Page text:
W3C home > Mailing lists > Public > public-lld@w3.org > September 2010

RE: Library data diagram

From: Panzer,Michael <panzerm@oclc.org>
Date: Wed, 1 Sep 2010 14:01:16 -0400
Message-ID: <AA3DCFAA4E87BD40BBAA507B1C36CC3D0496C95A@OAEXCH4SERVER.oa.oclc.org>
To: "Andy Powell" <andy.powell@eduserv.org.uk>, "Young,Jeff (OR)" <jyoung@oclc.org>, "Thomas Baker" <tbaker@tbaker.de>, "Karen Coyle" <kcoyle@kcoyle.net>
Cc: <public-lld@w3.org>
Hi Andy,

> OWL constraints essentially apply to the world (or that portion of the
> world that it of interest) - "a 'daughter' can only have one
'mother'".

I would argue that OWL (like any ontology language) is used to create _a
world_ (the universe or domain) one is trying to make assertions about,
rather than just taking _the world_ as the default domain. An OWL
ontology can create any type of universe and relate its individuals in
any possible way (limited by the underlying semantics of the language).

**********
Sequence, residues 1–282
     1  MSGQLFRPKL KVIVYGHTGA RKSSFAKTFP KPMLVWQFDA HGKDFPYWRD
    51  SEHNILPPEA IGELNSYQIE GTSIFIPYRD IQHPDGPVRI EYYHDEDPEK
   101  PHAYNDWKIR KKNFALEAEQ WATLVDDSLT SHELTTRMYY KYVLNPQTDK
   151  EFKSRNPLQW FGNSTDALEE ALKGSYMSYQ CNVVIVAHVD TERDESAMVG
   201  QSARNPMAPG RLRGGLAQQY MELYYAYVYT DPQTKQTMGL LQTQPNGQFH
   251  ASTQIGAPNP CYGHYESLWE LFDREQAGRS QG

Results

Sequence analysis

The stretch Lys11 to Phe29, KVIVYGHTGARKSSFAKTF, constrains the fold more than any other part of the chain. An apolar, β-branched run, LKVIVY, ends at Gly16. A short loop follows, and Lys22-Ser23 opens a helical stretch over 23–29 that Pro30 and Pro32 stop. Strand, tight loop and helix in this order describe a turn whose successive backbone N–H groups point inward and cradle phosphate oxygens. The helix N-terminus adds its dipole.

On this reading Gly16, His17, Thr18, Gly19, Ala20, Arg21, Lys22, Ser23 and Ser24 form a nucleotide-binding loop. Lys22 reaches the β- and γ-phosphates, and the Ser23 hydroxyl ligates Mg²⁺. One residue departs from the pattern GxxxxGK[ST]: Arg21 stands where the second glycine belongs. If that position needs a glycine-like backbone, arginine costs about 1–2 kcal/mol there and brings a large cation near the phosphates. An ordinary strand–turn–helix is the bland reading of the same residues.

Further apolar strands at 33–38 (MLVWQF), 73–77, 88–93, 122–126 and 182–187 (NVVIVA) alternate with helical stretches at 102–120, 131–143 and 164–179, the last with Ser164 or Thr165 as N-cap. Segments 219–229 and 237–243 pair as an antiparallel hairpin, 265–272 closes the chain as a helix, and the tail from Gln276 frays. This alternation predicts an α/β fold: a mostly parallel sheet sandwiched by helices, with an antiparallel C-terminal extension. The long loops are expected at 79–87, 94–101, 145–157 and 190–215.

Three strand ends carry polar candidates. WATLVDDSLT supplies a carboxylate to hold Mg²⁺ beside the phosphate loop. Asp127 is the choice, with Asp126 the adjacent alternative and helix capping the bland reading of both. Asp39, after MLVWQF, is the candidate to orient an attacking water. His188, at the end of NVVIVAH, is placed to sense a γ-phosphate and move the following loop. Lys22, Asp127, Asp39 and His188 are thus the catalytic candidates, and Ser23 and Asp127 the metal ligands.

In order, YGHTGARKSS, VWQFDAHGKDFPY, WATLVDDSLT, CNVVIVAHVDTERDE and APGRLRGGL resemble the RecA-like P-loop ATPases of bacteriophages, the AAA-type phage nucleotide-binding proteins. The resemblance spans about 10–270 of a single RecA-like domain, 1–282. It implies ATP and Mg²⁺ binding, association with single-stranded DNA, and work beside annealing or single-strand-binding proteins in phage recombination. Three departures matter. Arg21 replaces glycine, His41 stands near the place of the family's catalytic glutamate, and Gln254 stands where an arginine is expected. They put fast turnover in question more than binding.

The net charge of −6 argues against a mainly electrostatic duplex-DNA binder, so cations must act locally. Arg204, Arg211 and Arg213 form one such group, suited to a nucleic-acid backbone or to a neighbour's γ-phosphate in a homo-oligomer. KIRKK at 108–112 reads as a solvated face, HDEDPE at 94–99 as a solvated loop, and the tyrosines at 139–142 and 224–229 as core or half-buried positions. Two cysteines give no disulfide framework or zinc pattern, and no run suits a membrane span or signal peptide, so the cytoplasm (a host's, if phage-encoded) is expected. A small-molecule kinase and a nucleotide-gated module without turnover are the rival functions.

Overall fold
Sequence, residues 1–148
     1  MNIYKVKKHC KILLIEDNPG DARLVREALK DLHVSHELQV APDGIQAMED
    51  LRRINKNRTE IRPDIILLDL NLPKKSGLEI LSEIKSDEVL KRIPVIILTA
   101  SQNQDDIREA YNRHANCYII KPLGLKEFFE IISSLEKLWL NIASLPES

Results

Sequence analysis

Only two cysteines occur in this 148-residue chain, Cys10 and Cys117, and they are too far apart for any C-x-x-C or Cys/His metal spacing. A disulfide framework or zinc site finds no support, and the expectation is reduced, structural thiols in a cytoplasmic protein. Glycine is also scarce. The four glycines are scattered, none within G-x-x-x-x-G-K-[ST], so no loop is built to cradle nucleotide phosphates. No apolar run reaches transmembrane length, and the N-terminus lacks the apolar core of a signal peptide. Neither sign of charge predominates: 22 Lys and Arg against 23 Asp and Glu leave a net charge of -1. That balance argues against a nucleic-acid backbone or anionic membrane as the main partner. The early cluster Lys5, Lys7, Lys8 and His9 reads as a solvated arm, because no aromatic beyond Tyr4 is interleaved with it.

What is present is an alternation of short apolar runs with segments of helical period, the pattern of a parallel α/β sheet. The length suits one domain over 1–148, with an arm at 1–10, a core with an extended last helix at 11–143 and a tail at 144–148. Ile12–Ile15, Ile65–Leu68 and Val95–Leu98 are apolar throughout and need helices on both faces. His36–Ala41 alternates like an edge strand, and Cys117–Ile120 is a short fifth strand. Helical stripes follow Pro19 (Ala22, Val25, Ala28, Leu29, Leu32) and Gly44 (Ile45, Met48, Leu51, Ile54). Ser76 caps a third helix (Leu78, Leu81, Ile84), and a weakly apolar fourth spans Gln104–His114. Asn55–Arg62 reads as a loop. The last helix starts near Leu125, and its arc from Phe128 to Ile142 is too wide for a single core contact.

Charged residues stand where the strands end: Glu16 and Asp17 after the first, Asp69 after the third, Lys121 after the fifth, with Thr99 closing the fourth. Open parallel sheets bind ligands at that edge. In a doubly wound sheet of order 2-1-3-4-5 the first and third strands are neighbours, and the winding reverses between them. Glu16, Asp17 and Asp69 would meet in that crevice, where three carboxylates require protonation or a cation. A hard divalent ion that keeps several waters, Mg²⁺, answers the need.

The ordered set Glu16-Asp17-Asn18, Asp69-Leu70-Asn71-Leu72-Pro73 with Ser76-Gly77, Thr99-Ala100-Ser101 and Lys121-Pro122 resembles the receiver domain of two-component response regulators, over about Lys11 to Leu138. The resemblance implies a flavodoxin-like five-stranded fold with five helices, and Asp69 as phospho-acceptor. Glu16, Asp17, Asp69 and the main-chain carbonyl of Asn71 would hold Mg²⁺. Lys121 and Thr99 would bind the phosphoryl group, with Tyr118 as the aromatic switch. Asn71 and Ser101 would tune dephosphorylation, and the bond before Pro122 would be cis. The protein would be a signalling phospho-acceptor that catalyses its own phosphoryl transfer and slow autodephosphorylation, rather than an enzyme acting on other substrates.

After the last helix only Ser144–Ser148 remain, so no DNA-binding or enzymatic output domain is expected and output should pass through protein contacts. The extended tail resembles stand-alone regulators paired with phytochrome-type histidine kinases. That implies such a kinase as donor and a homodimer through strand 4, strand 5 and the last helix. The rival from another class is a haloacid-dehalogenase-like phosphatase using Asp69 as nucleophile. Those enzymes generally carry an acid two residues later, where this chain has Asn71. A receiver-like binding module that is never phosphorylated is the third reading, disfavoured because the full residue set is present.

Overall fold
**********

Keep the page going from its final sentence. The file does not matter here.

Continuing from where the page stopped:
A daughter can have more than one mother in many possible worlds
(including our own, one might add, depending on the
definitions/constraints placed on the hasMother relation).

This is part of the reason why OWL is problematic for schema-type
validation. Rather than rejection a "wrong" assertion, a reasoner would
often just reclassify the individual, e.g., based on domains and ranges
of a relationship. Domains and ranges in OWL are just axioms that
describe the universe (and form the basis of inferences), rather than
constraints to be checked against a set of values.

> Application Profiles constrain/describe what the DC Abstract Model
calls
> Description Sets (what we might have called metadata records in the
past)
> - collections of one or more Descriptions. Application Profiles do not
> describe vocabularies.

The same could be done with OWL(2), but you would likely run into
problems with the open world assumption, amplified by missing
disjointness axioms at some point (see Pete Johnston's post from today,
who also points to resources on how OWL can be used as a constraint
language).

Rules languages (as standardized by RIF) might be able to hit the sweet
spot here: compatible to OWL/RDF and with a place in the semantic web
architecture, but apparently easier for making (and controlling)
assertions not about "a world" but a given "document."

Cheers
Michael
Received on Wednesday, 1 September 2010 18:02:48 GMT

This archive was generated by hypermail 2.2.0+W3C-0.50 : Wednesday, 1 September 2010 18:02:48 GMT